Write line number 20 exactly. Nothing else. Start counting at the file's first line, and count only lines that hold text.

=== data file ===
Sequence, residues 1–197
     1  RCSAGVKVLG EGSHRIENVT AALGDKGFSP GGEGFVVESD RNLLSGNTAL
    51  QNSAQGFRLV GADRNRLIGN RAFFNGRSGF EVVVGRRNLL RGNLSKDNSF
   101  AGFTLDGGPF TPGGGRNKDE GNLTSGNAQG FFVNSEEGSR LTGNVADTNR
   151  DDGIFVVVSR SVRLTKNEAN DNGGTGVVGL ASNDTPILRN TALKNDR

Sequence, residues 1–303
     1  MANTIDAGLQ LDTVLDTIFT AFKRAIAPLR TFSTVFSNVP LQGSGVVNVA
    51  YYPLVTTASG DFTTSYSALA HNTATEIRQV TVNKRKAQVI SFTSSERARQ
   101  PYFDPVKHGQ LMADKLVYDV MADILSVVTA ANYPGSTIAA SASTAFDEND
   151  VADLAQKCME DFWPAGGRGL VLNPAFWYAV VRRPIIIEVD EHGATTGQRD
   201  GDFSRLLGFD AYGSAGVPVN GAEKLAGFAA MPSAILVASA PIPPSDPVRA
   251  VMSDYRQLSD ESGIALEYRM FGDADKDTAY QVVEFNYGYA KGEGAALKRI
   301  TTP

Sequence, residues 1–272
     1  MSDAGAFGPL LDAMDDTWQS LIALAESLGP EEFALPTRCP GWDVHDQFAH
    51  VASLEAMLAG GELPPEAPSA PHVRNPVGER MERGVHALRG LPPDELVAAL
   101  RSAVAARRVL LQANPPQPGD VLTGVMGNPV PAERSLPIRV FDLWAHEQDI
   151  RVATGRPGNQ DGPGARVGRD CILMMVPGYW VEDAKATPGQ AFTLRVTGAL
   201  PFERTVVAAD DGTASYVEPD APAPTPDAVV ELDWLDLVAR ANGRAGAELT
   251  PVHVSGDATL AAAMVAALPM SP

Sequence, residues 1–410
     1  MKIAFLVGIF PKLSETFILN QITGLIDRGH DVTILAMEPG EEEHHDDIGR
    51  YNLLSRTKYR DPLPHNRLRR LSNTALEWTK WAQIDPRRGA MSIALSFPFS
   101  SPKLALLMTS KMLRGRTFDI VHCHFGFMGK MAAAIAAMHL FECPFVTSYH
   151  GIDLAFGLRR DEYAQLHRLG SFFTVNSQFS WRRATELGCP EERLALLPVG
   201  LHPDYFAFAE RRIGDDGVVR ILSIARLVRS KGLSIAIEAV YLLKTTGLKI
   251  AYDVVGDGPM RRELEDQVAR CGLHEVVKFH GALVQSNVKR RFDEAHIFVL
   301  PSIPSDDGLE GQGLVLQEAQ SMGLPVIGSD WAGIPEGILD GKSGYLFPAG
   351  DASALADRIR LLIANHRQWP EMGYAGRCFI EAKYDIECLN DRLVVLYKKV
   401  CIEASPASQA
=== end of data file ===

   251  PVHVSGDATL AAAMVAALPM SP